Draw a data center network diagram that you will actually use
Ask any network engineer what their least favorite job is, and most will refer to the documentation. Documentation, especially the data center network diagram, is often difficult to create and, quite often, even more difficult to maintain.
Physical topologies generally bear little resemblance to logical diagrams that show the true flow of the network. The trend is generally to make diagrams apply to all audiences, which can lead to massive diagrams covering all aspects of the network. Perhaps the biggest challenge of all is keeping the data center network diagram, or WAN diagrams, up to date with accurate information – this could be a full time job.
There are few things you can do to make network diagrams more manageable.
Choice of data center network diagram
First, decide what type of diagrams you will actually use. A single network environment might have four or five diagrams, each representing different aspects of the topology.
A physical network diagram describes hardware connectivity. Logical diagrams describe different network paths. You can have one physical diagram with several logical diagrams. Be careful, however, not to be too excessive; a diagram that is not used is a diagram that will not be updated.
I often find that physical topology diagrams are not commonly referenced. Consider a service distribution switch that may have many pairs of load balancers, firewalls, and suspended routers. It’s nearly impossible to show it neatly on one page, and splitting it up means even more diagrams. The valuable information in a physical diagram resides primarily in the interface interconnects, which administrators can easily glean from other places, such as the switch configuration.
Also, the physical diagrams do not describe the traffic flow. Figure 1, a physical diagram, can be an accurate representation of how data center equipment is wired. However, it does little to describe the actual traffic flow, as shown more accurately in the logic diagram in Figure 2.
Logic diagrams become even more important when you consider that many devices support constructs such as device contexts and virtual routing and forwarding (VRF). In Figure 2, physical firewalls support multiple contexts and the switching infrastructure supports multiple VRFs. Because network traffic is directed through Virtual LAN (VLAN) tagging, the physical diagram shown in Figure 1 is accurate, but certainly not as useful as Figure 2. data easily shows which VLANs are relevant for which devices and device contexts or VRFs. In addition to this diagram, there may be three or four other logical diagrams to describe environments configured on the same physical device, such as VPN access or outbound browsing. Although not all networks are constructed this way, it highlights the fact that not all types of diagrams are equally useful in all cases.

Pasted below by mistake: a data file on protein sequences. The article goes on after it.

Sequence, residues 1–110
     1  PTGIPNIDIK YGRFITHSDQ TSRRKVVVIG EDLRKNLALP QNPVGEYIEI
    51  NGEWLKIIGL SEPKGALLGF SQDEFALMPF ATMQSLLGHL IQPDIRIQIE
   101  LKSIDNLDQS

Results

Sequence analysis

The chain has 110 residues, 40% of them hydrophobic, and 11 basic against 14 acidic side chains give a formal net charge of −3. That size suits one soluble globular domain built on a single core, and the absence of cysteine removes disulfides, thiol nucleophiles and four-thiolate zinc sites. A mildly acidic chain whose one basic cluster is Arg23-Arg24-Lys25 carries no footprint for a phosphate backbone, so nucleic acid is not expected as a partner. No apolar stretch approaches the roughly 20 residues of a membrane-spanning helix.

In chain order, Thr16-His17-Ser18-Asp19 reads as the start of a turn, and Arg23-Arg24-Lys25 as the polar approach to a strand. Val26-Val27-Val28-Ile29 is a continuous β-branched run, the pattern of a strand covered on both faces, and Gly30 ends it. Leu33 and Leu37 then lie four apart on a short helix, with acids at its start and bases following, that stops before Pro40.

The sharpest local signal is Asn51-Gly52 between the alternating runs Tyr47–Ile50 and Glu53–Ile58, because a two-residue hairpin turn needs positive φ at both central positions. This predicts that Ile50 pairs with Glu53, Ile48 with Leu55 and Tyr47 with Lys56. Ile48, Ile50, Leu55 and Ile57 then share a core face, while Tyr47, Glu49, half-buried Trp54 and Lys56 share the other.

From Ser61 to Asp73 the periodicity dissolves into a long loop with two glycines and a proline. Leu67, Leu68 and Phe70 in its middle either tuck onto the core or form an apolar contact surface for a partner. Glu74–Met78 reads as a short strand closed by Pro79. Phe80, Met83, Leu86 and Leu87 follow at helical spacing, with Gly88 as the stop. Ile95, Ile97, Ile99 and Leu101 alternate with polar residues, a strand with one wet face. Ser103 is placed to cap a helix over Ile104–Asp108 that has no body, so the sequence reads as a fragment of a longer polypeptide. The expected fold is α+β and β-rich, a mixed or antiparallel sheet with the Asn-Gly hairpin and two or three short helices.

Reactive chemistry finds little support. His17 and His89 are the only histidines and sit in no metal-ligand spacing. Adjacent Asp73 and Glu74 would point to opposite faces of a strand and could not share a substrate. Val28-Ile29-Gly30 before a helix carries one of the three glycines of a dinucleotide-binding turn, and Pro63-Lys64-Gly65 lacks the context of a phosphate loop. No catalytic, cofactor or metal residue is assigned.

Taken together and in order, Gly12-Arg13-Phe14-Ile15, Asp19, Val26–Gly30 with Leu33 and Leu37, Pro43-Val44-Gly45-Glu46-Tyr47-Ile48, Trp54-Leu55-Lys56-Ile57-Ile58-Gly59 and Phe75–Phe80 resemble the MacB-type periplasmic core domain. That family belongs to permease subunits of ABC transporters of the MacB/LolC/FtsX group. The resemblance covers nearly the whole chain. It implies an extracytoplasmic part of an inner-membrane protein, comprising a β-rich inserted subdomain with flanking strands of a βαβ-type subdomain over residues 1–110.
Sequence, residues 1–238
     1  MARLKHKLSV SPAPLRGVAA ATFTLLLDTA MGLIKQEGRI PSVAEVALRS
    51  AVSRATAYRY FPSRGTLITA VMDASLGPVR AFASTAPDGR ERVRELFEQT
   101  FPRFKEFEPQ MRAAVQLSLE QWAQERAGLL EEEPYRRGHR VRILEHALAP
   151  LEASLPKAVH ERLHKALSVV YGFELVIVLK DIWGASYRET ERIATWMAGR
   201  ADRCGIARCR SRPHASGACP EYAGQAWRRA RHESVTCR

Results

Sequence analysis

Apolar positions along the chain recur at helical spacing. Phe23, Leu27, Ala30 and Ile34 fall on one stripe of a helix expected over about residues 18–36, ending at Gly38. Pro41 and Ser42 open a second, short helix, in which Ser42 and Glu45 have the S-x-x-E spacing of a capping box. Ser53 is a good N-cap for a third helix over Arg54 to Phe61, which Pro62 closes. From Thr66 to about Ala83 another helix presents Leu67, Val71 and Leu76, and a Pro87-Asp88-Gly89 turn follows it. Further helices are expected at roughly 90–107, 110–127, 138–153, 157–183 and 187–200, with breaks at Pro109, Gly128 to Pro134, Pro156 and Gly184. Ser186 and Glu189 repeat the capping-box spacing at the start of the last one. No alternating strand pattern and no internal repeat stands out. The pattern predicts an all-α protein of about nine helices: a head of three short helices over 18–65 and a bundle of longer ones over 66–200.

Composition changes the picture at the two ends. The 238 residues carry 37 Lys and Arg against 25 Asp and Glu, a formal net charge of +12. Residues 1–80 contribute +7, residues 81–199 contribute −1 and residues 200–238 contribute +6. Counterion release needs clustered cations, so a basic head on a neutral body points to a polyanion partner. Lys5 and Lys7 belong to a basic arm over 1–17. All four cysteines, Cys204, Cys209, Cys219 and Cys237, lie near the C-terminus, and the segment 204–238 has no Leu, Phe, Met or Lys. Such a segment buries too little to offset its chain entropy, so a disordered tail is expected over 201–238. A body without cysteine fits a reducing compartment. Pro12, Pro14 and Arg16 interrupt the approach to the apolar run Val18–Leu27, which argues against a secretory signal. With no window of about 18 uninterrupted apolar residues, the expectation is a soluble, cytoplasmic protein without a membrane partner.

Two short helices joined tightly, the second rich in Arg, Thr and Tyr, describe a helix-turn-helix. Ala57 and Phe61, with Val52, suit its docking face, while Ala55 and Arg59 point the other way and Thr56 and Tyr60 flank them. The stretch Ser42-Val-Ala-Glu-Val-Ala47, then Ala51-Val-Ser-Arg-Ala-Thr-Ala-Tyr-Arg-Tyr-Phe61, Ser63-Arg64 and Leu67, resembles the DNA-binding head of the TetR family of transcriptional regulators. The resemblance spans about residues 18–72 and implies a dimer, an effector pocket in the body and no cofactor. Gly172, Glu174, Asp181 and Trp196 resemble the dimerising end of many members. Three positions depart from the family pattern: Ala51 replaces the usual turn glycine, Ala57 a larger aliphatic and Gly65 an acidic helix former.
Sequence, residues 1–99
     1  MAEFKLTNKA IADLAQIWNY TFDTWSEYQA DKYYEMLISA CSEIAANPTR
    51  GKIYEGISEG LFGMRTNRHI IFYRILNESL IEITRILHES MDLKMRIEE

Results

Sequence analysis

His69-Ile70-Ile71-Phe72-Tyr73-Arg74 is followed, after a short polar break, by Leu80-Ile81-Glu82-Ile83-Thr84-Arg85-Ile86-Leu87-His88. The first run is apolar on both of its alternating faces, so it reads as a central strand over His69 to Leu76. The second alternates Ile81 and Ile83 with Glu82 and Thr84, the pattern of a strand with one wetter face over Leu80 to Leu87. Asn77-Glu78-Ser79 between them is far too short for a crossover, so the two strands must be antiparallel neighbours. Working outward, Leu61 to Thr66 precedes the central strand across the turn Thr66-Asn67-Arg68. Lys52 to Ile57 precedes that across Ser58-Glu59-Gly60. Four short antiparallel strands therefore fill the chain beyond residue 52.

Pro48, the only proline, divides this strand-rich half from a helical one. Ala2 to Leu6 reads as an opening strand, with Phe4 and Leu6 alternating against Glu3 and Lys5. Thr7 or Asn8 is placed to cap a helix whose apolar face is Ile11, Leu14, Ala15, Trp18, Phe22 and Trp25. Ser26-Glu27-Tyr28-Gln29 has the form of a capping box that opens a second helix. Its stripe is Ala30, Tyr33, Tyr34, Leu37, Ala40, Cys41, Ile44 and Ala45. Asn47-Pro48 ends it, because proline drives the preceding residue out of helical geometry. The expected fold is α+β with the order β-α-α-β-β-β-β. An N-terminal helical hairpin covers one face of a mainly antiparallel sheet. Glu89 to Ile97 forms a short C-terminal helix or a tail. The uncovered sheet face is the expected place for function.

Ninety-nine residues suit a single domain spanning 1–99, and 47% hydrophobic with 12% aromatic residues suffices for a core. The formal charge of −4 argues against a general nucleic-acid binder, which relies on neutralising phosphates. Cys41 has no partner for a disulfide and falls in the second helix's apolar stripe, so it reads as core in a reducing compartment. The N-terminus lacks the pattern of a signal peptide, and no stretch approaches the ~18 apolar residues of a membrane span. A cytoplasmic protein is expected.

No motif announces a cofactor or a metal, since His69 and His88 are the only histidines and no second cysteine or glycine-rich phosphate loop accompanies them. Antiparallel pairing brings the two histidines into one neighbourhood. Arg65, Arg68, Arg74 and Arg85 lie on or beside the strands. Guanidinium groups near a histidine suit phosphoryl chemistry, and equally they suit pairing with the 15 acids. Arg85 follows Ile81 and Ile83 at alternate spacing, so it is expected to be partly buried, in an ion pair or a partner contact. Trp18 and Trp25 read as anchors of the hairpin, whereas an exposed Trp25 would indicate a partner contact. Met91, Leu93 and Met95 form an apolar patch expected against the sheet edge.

Once you have decided which type of network diagram best suits your needs, determine what information is relevant for each diagram. Include only relevant information. The example in this text highlighted the importance of calling VLANs for each network segment. Considering the specific architecture, it is important to have this information in the diagram along with the firewall context or VRF to associate with these VLANs.
Trying to document things that are subject to change only creates more work for the engineer or architect. For example, you are unlikely to need each individual virtual IP (VIP) address defined on the load balancer in the diagram. However, consider defining the subnet used for VIPs in general in the diagram, so that you can quickly identify and locate it. Again, if you need more VIP details, there are better places to get that information than the data center network diagram. Other important pieces of information to call on a diagram include policy-based routing or the web cache coordination protocol that can intercept and modify the native routed path.
Update this diagram before you need it
Once you have drawn relevant diagrams for your data center, the next question is how to keep them up to date.
Many tools are available that can not only create network diagrams but also keep them up to date. While that sounds appealing, it’s not without its issues. Most of these tools rely on device discovery to create accurate network maps and determine traffic flow. Discovery is not always a perfect process and the tool can be misled or blocked by devices such as firewalls or other security devices. Although diagramming tools can be useful, I find that many of my network diagrams are relatively static and require little work to keep up to date.
No two networks are the same. Much of what is required in your diagram depends on who will consume it. So while I almost never use physical diagrams, other teams such as data center facility managers may only be interested in physical topology and have no use for logical diagrams.
Most network engineers don’t want to spend their weekends creating and maintaining diagrams. By concentrating your diagrams and limiting their scope, you ensure that a single network change does not require you to update many diagrams. Also try to summarize information associated with a higher rate of change and then reference it elsewhere outside of the main data center network diagram. None of this will take you completely out of the diagramming game, but it can help change the ratio of engineering time to documentation.